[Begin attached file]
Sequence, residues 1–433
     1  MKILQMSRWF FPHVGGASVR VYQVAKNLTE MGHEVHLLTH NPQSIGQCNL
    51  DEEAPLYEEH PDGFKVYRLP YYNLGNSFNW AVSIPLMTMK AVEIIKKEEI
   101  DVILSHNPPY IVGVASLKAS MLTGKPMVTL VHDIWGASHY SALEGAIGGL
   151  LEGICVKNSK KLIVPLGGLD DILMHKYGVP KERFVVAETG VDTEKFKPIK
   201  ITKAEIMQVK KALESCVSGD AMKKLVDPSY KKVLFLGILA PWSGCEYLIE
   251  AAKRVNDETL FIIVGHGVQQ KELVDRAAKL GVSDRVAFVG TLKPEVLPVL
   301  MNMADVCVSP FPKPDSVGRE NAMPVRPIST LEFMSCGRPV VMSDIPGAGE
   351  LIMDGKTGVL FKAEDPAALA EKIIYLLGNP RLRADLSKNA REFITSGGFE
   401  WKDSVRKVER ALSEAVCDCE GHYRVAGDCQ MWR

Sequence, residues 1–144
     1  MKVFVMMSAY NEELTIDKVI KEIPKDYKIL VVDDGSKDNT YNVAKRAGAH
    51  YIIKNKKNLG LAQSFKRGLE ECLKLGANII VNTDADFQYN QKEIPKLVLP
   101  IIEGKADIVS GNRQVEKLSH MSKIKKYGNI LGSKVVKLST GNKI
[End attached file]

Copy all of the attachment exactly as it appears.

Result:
Sequence, residues 1–433
     1  MKILQMSRWF FPHVGGASVR VYQVAKNLTE MGHEVHLLTH NPQSIGQCNL
    51  DEEAPLYEEH PDGFKVYRLP YYNLGNSFNW AVSIPLMTMK AVEIIKKEEI
   101  DVILSHNPPY IVGVASLKAS MLTGKPMVTL VHDIWGASHY SALEGAIGGL
   151  LEGICVKNSK KLIVPLGGLD DILMHKYGVP KERFVVAETG VDTEKFKPIK
   201  ITKAEIMQVK KALESCVSGD AMKKLVDPSY KKVLFLGILA PWSGCEYLIE
   251  AAKRVNDETL FIIVGHGVQQ KELVDRAAKL GVSDRVAFVG TLKPEVLPVL
   301  MNMADVCVSP FPKPDSVGRE NAMPVRPIST LEFMSCGRPV VMSDIPGAGE
   351  LIMDGKTGVL FKAEDPAALA EKIIYLLGNP RLRADLSKNA REFITSGGFE
   401  WKDSVRKVER ALSEAVCDCE GHYRVAGDCQ MWR

Sequence, residues 1–144
     1  MKVFVMMSAY NEELTIDKVI KEIPKDYKIL VVDDGSKDNT YNVAKRAGAH
    51  YIIKNKKNLG LAQSFKRGLE ECLKLGANII VNTDADFQYN QKEIPKLVLP
   101  IIEGKADIVS GNRQVEKLSH MSKIKKYGNI LGSKVVKLST GNKI